Spiralling towards disaster?
11 August 1999
Catrin Griffiths reports on a multibillion dollar threat to London's insurance market and a personal accident crisis. Catrin Griffiths is a director of New City Media, publisher of The Insider's Guide to Insurance and Reinsurance. firstname.lastname@example.org
In January next year, the last piece of the jigsaw in the Names litigation is due to be heard. The Jaffray case, where some 150 non-accepting Names are suing Lloyd's, may represent the death throes of the Lloyd's litigation, but the London insurance market is about to see some dramatic court action.
"It's been a quieter period for reinsurance litigation in the last few years," says Jonathan Sacher of Paisner & Co. "But in recent months people are beginning to look more carefully at their exposures."
More particularly, the great defining problem at Lloyd's, the London Markets Exchange spiral, a pass-the-parcel where everyone reinsured everyone else, looks set to be repeated.
There are two problems looming: workers compensation business and the personal accident (PA) spiral - both products, say critics, of false markets fuelled by cheap reinsurance.
"They're amazing examples of the lengths that brokers and underwriters will go to produce a package when they're under the pressures of a tight market," says a leading reinsurance lawyer. Those packages are now rebounding rather badly.
The workers' compensation problem first hit the headlines in March with the news that Cologne Re (owned by Warren Buffet's Berkshire Hathaway) was about to post massive losses from US workers' compensation business, organised by underwriting manager Unicover.
Although primarily a US problem, the London market could be seriously affected, and many major insurance firms are active.
"This is big money," warns Clyde & Co partner Nigel Brook. "The total losses at the primary level could run into billions of dollars, not millions."
Clyde & Co's client Odyssey Re - which has since changed its name back to Sphere Drake - has launched an assertive action under the RICO (Racketeer Influenced and Corrupt Organisations) Act against Lloyd's broker Stirling Cooke Brown, among others.
Lawyers involved include John Hall of CMS Cameron McKenna for Lincoln; Terry O'Neill of Clifford Chance for Sun Life, and Allen & Overy for General Re, Warren Buffet's company. This last instruction was something of a coup for Allen & Overy. Despite having a strong general litigation team, it has virtually no track record on reinsurance litigation.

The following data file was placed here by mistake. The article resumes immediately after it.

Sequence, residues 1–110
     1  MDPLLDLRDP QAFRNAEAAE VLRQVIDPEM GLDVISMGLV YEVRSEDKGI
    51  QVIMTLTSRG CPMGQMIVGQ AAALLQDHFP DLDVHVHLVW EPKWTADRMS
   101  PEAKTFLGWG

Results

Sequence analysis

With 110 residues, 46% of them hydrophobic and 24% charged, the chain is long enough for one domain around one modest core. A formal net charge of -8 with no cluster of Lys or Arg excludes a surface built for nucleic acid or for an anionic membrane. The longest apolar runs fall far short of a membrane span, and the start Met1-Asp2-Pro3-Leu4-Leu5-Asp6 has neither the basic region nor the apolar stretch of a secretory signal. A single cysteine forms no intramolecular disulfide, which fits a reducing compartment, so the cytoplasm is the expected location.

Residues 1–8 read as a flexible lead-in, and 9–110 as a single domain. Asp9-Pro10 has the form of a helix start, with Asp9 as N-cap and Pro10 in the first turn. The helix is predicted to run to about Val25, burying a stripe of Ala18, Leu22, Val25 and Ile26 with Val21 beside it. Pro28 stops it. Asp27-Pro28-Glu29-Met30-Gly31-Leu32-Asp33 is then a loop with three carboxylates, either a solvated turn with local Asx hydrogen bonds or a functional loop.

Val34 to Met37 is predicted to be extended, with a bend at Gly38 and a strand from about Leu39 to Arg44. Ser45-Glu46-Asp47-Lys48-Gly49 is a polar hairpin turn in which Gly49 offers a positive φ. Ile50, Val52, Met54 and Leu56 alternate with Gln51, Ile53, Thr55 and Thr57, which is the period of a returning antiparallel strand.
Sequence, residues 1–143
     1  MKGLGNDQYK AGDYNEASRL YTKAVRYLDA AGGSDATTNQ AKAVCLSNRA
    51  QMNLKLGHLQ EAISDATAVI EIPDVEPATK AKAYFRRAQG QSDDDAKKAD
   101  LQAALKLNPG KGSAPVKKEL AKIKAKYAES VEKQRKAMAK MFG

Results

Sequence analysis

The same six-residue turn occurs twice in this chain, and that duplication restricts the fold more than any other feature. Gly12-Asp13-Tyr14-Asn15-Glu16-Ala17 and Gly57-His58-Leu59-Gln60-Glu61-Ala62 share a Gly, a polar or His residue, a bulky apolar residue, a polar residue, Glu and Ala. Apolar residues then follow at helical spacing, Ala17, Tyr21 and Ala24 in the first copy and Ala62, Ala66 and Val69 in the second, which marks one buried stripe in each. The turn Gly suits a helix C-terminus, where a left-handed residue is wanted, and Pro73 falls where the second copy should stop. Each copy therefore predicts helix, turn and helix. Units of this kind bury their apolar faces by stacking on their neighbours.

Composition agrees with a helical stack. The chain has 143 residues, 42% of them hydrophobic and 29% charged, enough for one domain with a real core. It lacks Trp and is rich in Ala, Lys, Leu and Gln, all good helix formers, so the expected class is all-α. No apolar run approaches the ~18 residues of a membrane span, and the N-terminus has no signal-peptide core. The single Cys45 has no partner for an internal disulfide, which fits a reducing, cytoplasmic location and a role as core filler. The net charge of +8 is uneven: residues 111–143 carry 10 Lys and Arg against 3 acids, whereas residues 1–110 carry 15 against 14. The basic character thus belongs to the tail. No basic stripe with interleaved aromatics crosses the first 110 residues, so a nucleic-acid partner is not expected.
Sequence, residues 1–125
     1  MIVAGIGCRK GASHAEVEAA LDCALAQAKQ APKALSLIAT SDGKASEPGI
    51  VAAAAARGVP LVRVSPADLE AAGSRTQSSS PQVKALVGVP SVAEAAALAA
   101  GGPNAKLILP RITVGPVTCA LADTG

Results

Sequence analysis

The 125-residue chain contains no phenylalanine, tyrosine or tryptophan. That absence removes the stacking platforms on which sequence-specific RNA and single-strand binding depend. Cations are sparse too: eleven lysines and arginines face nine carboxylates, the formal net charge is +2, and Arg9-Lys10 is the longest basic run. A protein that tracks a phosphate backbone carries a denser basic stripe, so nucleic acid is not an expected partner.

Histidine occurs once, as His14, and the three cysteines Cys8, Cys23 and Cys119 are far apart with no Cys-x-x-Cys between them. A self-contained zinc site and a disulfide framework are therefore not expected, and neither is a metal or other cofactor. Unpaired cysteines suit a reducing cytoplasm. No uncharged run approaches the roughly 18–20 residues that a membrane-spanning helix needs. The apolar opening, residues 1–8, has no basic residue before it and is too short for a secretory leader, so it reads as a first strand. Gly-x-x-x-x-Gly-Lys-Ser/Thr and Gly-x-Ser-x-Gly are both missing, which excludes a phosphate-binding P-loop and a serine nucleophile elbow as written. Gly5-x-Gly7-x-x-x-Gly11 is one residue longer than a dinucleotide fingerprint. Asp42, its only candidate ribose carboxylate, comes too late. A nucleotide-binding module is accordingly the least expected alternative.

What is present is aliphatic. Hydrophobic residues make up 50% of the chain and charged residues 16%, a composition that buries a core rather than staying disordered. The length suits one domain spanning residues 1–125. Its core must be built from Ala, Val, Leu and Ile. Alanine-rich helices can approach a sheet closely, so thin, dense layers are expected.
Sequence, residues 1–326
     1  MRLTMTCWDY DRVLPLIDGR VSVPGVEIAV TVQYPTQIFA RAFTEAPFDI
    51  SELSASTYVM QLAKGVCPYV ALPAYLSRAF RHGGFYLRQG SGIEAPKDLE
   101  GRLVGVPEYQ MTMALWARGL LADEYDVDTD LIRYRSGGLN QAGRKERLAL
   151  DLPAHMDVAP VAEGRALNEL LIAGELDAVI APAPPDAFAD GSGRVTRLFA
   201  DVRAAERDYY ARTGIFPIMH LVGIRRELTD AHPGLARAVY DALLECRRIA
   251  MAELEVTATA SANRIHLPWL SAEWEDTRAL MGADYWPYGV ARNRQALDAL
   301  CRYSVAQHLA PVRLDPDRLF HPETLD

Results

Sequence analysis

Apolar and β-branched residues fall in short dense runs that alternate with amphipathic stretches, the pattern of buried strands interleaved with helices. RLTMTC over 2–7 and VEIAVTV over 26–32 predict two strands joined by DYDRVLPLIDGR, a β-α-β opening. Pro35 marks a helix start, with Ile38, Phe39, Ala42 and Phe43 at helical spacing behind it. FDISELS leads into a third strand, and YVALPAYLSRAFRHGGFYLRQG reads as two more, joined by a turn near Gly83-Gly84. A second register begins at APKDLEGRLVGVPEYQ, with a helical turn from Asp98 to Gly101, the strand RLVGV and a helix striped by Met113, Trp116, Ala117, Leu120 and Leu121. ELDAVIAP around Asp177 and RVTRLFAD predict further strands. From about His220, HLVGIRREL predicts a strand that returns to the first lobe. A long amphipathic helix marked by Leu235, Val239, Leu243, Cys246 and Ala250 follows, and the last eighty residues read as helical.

Although revolving around a different class of business, the PA spiral has much in common with Unicover and the workers' compensation problems, not least because it involves a common defendant in Cooke Brown, represented by Richards Butler.
The PA spiral has much the same insurers involved, although there have been various attempts at settlement.
Once again, there are some familiar names involved on the legal side. Ince & Co is acting for Crown Life; Clifford Chance for Manulife; CMS Cameron McKenna for Lincoln; and Transamerica is using Elborne Mitchell. Wilde Sapte and Clyde & Co are acting for other participants.
The PA spiral could have even worse consequences for the London insurance market, not least because of the potential exposure sustained by professional indemnity underwriters, who will themselves insure the managing agents and brokers who placed the PA business.
But Unicover and the PA spiral are still only on the horizon. In the meantime, the insurance market is still talking about Kingscroft v Nissan Fire & Marine, one of the most significant cases of the last few years.
Freshfields, led by Roger Enock, acted for Kingscroft, part of the KWELM group of companies which are now in liquidation and went into battle against Nissan's lawyers Holman Fenwick & Willan, led by Ian McKenna.
The case - which involved complex questions of contract interpretation - revolved around the attempt by Nissan, the reinsurer, not to have to pay Kingscroft's claim.
The commercial ramifications were huge. If Kingscroft, the reinsured, had lost, it would have rewritten the way an entire industry has regarded reinsurance collection for years.
Although most of the market hailed the result as the right commercial solution, some reinsurance lawyers clearly feel uneasy.
"They had to do injury to language to get the right result," says one.
"There is a tension between the temptation to produce a commercially sensitive result and strict adherence to the text," adds David Mildon of Essex Court Chambers.
In any event, it isn't over; the case is being appealed. Holman Fenwick's Ian McKenna agrees: "Recent decisions highlight the difficulty in predicting the outcome in a situation where the court is weighing up the commercial purpose of the contract against the ordinary meaning of the words used."
With such uncertainty lawyers will have to be creative. And reinsurers and reinsureds alike will have to look to their wordings.